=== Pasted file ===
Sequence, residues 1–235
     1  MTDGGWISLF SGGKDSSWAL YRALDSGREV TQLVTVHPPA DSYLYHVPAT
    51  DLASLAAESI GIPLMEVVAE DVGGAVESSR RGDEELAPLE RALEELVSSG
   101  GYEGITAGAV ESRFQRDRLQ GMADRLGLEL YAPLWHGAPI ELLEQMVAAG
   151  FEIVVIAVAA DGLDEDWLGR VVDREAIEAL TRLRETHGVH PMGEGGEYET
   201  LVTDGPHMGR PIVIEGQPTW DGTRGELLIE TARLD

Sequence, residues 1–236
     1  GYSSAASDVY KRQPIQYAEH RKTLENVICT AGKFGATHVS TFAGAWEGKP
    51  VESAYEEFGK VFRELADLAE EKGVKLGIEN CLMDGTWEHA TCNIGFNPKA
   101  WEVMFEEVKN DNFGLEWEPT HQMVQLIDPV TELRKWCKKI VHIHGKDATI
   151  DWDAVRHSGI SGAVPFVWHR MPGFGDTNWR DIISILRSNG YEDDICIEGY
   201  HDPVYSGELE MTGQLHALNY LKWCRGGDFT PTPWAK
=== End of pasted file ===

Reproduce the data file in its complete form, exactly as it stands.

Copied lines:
Sequence, residues 1–235
     1  MTDGGWISLF SGGKDSSWAL YRALDSGREV TQLVTVHPPA DSYLYHVPAT
    51  DLASLAAESI GIPLMEVVAE DVGGAVESSR RGDEELAPLE RALEELVSSG
   101  GYEGITAGAV ESRFQRDRLQ GMADRLGLEL YAPLWHGAPI ELLEQMVAAG
   151  FEIVVIAVAA DGLDEDWLGR VVDREAIEAL TRLRETHGVH PMGEGGEYET
   201  LVTDGPHMGR PIVIEGQPTW DGTRGELLIE TARLD

Sequence, residues 1–236
     1  GYSSAASDVY KRQPIQYAEH RKTLENVICT AGKFGATHVS TFAGAWEGKP
    51  VESAYEEFGK VFRELADLAE EKGVKLGIEN CLMDGTWEHA TCNIGFNPKA
   101  WEVMFEEVKN DNFGLEWEPT HQMVQLIDPV TELRKWCKKI VHIHGKDATI
   151  DWDAVRHSGI SGAVPFVWHR MPGFGDTNWR DIISILRSNG YEDDICIEGY
   201  HDPVYSGELE MTGQLHALNY LKWCRGGDFT PTPWAK